Your equating “government” with “community” is incorrect in most cases. On the scale of Vermont towns, I can see how this could be true; low population density, everyone knows everyone else, a high degree of shared values all contribute to accountability when it comes to what our elected officials do in our name.

But beyond that, in particular at the Federal level, government is no less a cesspool of moneyed interests than are the “greedy” corporations – grasping, groping and grabbing all they possibly can at the expense of the rest of us. The primary difference is that at the very least, corporations have to convince people to give them their money by providing goods and services of value; the federal government need not even meet that basic requirement before extracting dollars from us.

Lofty rhetoric about a utopian society that can be achieved by government action doesn’t change the fact that power corrupts, and your suggestions would route more power than ever through decadent halls already long-defiled and long-disconnected from the needs of the masses.

Mr. Kheiry,

I am puzzled and disappointed that you characterize my vision as utopian. We (humanity and life) are not facing a choice between long term sustainable misery, to which a utopian vision might be an attractive answer. We (humanity and life) are facing near term unsustainable climate rearrangement, cataclysmic ecosystem degradation, a mass extinction event (in progress), sea level rise and climate change refugee crises to dwarf any mass migrations in human history. I suffer from human misery. I panic in worry over the destruction of the systems which support life. I regret that some of us are impoverished by the unjust distribution of wealth, but I worry about survival, and I condemn people who have resources and refuse to share those resources to protect life and the planet they live on. I condemn people who are so short sighted and selfish that they disparage the idea of climate change because it would cause them economic loss. Greed on that level is evil.

So sure, my state does not always function like a community, and Washington is a cess-pool of corporate special interests. What do you think I am condemning? I do not support the idea of community in my state and community in the nation as optional luxuries. The concepts of levels of survival and prosperity, and of systems, of which community is one, are intended to frame the discussion of what we must do to preserve life. For life, our lives, to be sustained in any thing like the world we know. It is not that the nation is a community, it is that we must demand from our leaders and those who control the vast wealth of our country, that they start acting like we are a community, and to invest in the systems of planetary and community survival.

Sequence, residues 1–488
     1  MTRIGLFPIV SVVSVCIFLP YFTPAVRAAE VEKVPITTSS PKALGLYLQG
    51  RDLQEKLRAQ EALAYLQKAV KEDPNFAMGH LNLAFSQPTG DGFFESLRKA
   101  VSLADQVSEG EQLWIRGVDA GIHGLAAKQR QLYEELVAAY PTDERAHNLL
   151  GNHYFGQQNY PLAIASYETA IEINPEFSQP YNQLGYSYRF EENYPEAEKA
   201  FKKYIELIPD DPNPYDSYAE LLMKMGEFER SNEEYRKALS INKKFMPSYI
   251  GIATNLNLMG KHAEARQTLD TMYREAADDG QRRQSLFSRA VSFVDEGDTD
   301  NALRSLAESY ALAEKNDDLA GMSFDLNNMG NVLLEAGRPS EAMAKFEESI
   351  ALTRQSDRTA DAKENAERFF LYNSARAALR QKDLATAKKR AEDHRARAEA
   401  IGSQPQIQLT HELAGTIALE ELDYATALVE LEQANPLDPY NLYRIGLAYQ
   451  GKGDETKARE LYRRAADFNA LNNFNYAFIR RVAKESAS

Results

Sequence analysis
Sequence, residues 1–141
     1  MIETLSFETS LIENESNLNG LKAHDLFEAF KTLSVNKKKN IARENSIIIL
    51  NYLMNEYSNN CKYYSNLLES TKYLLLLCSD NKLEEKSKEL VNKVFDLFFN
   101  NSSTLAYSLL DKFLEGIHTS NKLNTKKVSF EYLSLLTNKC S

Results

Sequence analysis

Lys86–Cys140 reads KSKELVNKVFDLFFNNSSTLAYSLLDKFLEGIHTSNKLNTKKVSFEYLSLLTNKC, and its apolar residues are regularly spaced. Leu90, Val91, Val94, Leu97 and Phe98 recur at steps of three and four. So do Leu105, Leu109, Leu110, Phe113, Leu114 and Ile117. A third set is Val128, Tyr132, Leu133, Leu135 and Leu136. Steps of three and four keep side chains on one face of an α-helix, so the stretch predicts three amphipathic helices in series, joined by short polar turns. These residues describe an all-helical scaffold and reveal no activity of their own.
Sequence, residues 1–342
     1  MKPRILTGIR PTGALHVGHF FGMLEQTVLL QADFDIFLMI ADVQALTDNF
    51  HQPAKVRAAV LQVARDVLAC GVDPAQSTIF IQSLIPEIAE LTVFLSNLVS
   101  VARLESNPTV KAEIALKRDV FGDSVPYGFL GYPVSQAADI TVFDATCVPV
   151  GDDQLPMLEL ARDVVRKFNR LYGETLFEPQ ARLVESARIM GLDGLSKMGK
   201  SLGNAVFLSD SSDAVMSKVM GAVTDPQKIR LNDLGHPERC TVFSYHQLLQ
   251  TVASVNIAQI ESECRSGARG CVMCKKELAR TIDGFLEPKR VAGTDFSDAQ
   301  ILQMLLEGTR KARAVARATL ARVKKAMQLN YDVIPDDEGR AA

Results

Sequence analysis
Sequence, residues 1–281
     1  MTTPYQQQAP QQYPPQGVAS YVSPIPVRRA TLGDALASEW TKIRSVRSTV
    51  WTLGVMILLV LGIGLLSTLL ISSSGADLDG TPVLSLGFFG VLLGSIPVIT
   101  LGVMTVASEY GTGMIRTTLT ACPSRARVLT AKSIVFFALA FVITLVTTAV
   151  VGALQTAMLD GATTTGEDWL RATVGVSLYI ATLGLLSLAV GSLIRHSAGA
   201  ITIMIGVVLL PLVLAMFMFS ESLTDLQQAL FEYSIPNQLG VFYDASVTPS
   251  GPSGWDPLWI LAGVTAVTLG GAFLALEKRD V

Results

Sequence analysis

Community is ephemeral. I must build community at every turn.
Greed is pandemic. I must fight it at every turn.
We shall all die. I must act as if life matters.

Of course, Mr. Kheiry, you are free to disagree that life is in danger. But there is no excuse for not fighting corruption, no excuse for not using the democratic ideals of our nation to force politicians to resist special interests, and no excuse for excusing the destruction of the systems which support life. If my approach does not meet with your approval, why don't you articulate your vision of how to prevent planetary ecological calamity?

Stephen Alrich Marshall said...

As published on

Simha Bode
July 19, 2011 at 9:15 am

You seem to generalize the “rich” as a group of greedy people who have just reaped their wealth from within the confines of a capitalist system and wish not to help the little people… The Richest of the Rich, this is like 1% of the top 1%, are the real issue.

This is not an imbalance caused by a functioning capitalist society. This is the effect of people who have an “upper hand”, the insiders and manipulators of the “free market”. These “people” are literally syphoning off the money in this…repression… I mean recession while a large portion of society is loosing their homes and jobs they are reaping record profits.

The tools of the trade are little understood by regular folk; Naked Short Selling, Derivative Swaps, Hedge funds and Trust funds tax loop-holes. Of course these people go hand in hand with our Mega Corporations and their pocket-lining persuasive lobbyists. So is it really about “shared sacrifice” or is it about purging the system?

Stephen Marshall
July 20, 2011 at 8:14 am

When I am in a crowd of socialists, I oppose the entire dismantling of the capitalist system, and I advocate for components of the capitalist system. I believe that diversity is essential in our economic, political and social systems, and that one source of diversity is found between the pursuit of prosperity – effectively through an entrepreneurial and market style of economy – and the pursuit of shared well-being – effectively through arrangements made through democratic processes. Any monolithic ideology will damage the systems of survival (an assertion which deserves an extensive conversation), and that goes for extreme left ideologies as much as extreme right ideologies.

But at present we are not combating a systems-damaging push from the left. From the left the push we feel is to restore community, reduce inequality of income, build the systems of climate change mitigation, etc. It is from the right that the pursuit of self-interest is threatening the systems and therefore the survival of life. So I push from the left. As hard as I can.

On the topic of over-generalizing, I think I have defined greed, and condemned the consequences thereof. Wealthy people of good will know who they are and know they are not the subject of my definition. Any who are unsure might ask themselves “Beyond the money I need to maintain modest prosperity, am I using my wealth to build the systems of shared and planetary well being?” Discharge of excess wealth to help build these systems would be the anti-thesis of greed. How much? I should not begin a new essay right here.